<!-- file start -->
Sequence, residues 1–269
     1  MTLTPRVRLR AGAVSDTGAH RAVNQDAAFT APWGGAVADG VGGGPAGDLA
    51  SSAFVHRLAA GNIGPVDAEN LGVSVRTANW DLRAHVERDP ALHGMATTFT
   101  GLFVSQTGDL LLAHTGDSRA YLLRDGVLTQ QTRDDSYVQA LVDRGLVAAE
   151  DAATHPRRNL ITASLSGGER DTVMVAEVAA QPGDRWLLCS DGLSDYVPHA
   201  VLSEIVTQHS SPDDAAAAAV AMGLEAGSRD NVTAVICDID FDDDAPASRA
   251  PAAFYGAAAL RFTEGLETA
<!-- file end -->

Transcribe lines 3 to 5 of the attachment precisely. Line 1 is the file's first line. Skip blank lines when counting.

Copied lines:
    51  SSAFVHRLAA GNIGPVDAEN LGVSVRTANW DLRAHVERDP ALHGMATTFT
   101  GLFVSQTGDL LLAHTGDSRA YLLRDGVLTQ QTRDDSYVQA LVDRGLVAAE
   151  DAATHPRRNL ITASLSGGER DTVMVAEVAA QPGDRWLLCS DGLSDYVPHA